Political protests on the pitch

Police, what police? Middle East Online, 2-1-12

In Egypt two of the top football (soccer) teams, al-Masri and al-Ahly, played a game today; afterwards the fan got together to celebrate football, team spirit and, in the grand tradition of our species, killing your opponents.   The president of al-Masri has resigned and the BBC is reporting that the Egyptian parliament will meet to discuss the violence.  The Arab press is full of analysis, the Egyptian government is promising  to investigate in the grand style of Bob Dylan – “two men died neath the Mississippi moon, somebody better investigate soon.”

Only in Port Said,  seventy-three fans died on the pitch, someone better apply the switch.  The violence started immediately after the game, the winning team, al-Ahly was rushed off to protect their lives.  The ensuing riot was free to play itself out without any interference from the police or army.  The Muslim Brotherhood accuses Mubarak supporters of fostering the violence; the liberals blame the army, police and government thugs; and the government is blaming the fans of al -Ahlry because of their recent political activities.  It has a long tradition, the club was formed a hundred years ago in an anti-colonial spirit and uses the flag of the Khedive government as its banner.   The attackers are supporters of al-Masri.  What is in a name? Al-Masri means the Egyptian, while al-Ahly is the “national”; are they metaphors for the future of Egypt, thugs and violence and a government willing to step in and shut down the thugs?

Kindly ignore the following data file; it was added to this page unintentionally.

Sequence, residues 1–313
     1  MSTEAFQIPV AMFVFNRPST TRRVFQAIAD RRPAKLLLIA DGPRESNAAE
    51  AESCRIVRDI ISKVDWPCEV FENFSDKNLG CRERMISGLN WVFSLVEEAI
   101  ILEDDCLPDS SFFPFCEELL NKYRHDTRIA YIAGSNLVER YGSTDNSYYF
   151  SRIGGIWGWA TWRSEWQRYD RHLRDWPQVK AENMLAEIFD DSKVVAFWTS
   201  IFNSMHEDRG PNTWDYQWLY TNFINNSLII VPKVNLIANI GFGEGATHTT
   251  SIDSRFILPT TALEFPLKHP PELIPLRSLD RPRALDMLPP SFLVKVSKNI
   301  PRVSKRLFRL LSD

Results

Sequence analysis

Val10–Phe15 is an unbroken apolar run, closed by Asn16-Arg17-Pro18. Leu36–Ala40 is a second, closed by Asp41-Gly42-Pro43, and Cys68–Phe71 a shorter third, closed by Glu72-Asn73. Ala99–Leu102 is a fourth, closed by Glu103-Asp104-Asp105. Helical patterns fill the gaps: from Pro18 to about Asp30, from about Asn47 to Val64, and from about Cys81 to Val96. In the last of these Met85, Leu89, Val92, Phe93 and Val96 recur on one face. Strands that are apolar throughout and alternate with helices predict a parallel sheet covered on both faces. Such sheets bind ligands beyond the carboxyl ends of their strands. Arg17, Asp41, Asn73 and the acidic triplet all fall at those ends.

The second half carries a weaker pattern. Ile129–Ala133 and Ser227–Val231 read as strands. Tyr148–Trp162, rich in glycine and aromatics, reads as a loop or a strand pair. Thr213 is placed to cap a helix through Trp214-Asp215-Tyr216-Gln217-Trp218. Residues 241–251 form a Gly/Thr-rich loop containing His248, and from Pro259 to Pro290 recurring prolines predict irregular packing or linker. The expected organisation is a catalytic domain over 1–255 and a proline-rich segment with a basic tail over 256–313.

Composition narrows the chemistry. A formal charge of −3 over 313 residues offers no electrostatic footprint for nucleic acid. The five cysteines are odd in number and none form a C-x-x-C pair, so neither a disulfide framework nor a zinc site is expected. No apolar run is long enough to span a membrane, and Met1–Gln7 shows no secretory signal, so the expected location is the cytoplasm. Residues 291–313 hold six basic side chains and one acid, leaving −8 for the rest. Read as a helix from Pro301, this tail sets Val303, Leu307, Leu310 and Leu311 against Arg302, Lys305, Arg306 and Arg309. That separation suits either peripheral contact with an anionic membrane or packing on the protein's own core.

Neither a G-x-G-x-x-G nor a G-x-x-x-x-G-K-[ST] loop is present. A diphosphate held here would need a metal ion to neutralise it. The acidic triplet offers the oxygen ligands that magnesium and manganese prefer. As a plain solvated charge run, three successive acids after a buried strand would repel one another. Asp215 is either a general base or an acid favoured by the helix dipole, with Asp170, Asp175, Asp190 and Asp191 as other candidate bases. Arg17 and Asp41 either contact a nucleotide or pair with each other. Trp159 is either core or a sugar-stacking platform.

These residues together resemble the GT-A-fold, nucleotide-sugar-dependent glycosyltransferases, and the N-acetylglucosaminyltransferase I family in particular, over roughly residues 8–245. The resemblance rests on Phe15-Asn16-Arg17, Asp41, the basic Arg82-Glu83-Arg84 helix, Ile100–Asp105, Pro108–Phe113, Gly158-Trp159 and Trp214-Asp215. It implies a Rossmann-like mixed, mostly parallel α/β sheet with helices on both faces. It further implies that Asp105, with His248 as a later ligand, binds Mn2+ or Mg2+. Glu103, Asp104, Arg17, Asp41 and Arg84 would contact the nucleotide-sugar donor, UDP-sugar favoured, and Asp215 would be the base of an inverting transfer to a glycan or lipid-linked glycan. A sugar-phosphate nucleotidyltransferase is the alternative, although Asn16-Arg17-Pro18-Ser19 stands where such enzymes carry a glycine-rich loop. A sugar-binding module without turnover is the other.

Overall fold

Thugs is a  key word in Egypt these days; the government suspended the energy measures that have been in place since the days of Nasser – declaring only that thugs will be dealt with as before – no rights, jail, beatings and the like.  A lovely word, and just who is a thug? Why your enemies of course.  Also today, in Cairo another football stadium was set a fire by fans protesting a canceled game because of the violence in Port Said.  No moral here, and it may pass without leaving a ripple, but on the other hand this may be symbol of the 2012 version of the Arab Spring. No democracy, political or economic freedom to be found on the football pitch.  Who knows, they may be playing football in Tahrir Square on Fridays after prayers this year.


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